Color Lines has an article that highlights yet another problem with those infamous sex offender lists in some states: their use against prostitutes (and those who frequent them). The example they use is New Orleans:
New Orleans city police and the district attorney's office are using a state law written for child molesters to charge hundreds of sex workers like Tabitha as sex offenders. The law, which dates back to 1805, makes it a crime against nature to engage in "unnatural copulation"--a term New Orleans cops and the district attorney's office have interpreted to mean anal or oral sex. Sex workers convicted of breaking this law are charged with felonies, issued longer jail sentences and forced to register as sex offenders. They must also carry a driver's license with the label "sex offender" printed on it.
This, of course, means a hugely disproportionate impact on women, especially minority women:
Of the 861 sex offenders currently registered in New Orleans, 483 were convicted of a crime against nature, according to Doug Cain, a spokesperson with the Louisiana State Police. And of those convicted of a crime against nature, 78 percent are Black and almost all are women.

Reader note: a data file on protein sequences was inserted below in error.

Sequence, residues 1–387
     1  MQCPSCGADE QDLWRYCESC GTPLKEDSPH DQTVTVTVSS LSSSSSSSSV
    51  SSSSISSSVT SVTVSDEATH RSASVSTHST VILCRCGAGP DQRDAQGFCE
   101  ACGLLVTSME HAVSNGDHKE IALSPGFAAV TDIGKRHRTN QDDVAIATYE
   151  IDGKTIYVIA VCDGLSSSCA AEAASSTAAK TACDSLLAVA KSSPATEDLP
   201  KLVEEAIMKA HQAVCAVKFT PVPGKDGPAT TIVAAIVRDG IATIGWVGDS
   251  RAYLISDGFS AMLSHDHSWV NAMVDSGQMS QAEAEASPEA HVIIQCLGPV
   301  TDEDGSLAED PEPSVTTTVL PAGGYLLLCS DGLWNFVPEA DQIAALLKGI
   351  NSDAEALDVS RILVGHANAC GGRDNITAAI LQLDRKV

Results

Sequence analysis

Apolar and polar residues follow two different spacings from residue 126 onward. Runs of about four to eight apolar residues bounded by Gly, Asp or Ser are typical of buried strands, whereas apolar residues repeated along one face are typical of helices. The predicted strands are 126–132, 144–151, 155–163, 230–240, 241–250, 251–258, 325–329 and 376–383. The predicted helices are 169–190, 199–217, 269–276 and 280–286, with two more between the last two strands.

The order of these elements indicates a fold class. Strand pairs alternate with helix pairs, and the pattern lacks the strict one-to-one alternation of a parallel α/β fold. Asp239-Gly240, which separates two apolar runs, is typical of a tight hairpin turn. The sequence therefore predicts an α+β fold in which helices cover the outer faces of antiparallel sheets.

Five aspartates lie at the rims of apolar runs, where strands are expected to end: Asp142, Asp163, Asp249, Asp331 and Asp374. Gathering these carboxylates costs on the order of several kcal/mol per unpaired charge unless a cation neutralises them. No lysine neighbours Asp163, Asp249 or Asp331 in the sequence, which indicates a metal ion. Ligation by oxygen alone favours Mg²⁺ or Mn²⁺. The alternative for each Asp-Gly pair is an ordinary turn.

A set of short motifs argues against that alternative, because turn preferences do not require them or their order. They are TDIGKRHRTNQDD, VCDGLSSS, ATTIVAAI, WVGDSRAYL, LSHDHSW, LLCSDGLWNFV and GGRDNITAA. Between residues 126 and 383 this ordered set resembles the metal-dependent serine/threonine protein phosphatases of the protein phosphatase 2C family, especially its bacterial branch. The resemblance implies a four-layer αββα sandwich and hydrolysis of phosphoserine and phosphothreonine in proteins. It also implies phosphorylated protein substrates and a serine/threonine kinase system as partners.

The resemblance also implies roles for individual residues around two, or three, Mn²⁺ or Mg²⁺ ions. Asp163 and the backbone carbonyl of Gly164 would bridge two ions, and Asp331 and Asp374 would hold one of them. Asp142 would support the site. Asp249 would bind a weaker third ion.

The law impacts sex workers in both small and large ways. Tabitha has to register an address in the sex offender database, and because she doesn't have a permanent home, she has registered the address of a nonprofit organization that is helping her. She also has to purchase and mail postcards with her picture to everyone in the neighborhood informing them of her conviction. If she needs to evacuate to a shelter during a hurricane, she must evacuate to a special shelter for sex offenders, and this shelter has no separate safe spaces for women. She is even prohibited from very ordinary activities in New Orleans like wearing a costume at Mardi Gras.
"This law completely disconnects our community members from what remains of a social safety net," said Deon Haywood, director of Women With A Vision, an organization that promotes wellness and disease prevention for women who live in poverty. Haywood's group has formed a new coalition of New Orleans activists and health workers who are organizing to fight the way police are abusing the 1805 law.
"What this is really about is over-incarcerating poor and of-color communities," said Rosana Cruz of VOTE-NOLA, a prison reform organization that is also a part of the new coalition.
Not every state includes prostitution as a sex offense that requires putting someone on the list. But for those that do, the result is simply undue cruelty. As if the life of a woman so desperate that she has to resort to street prostitution isn't bad enough, we need to make them suffer even more? That's barbaric.
Women and minorities better start paying attention to these sex offender banishment laws. They are coming after you !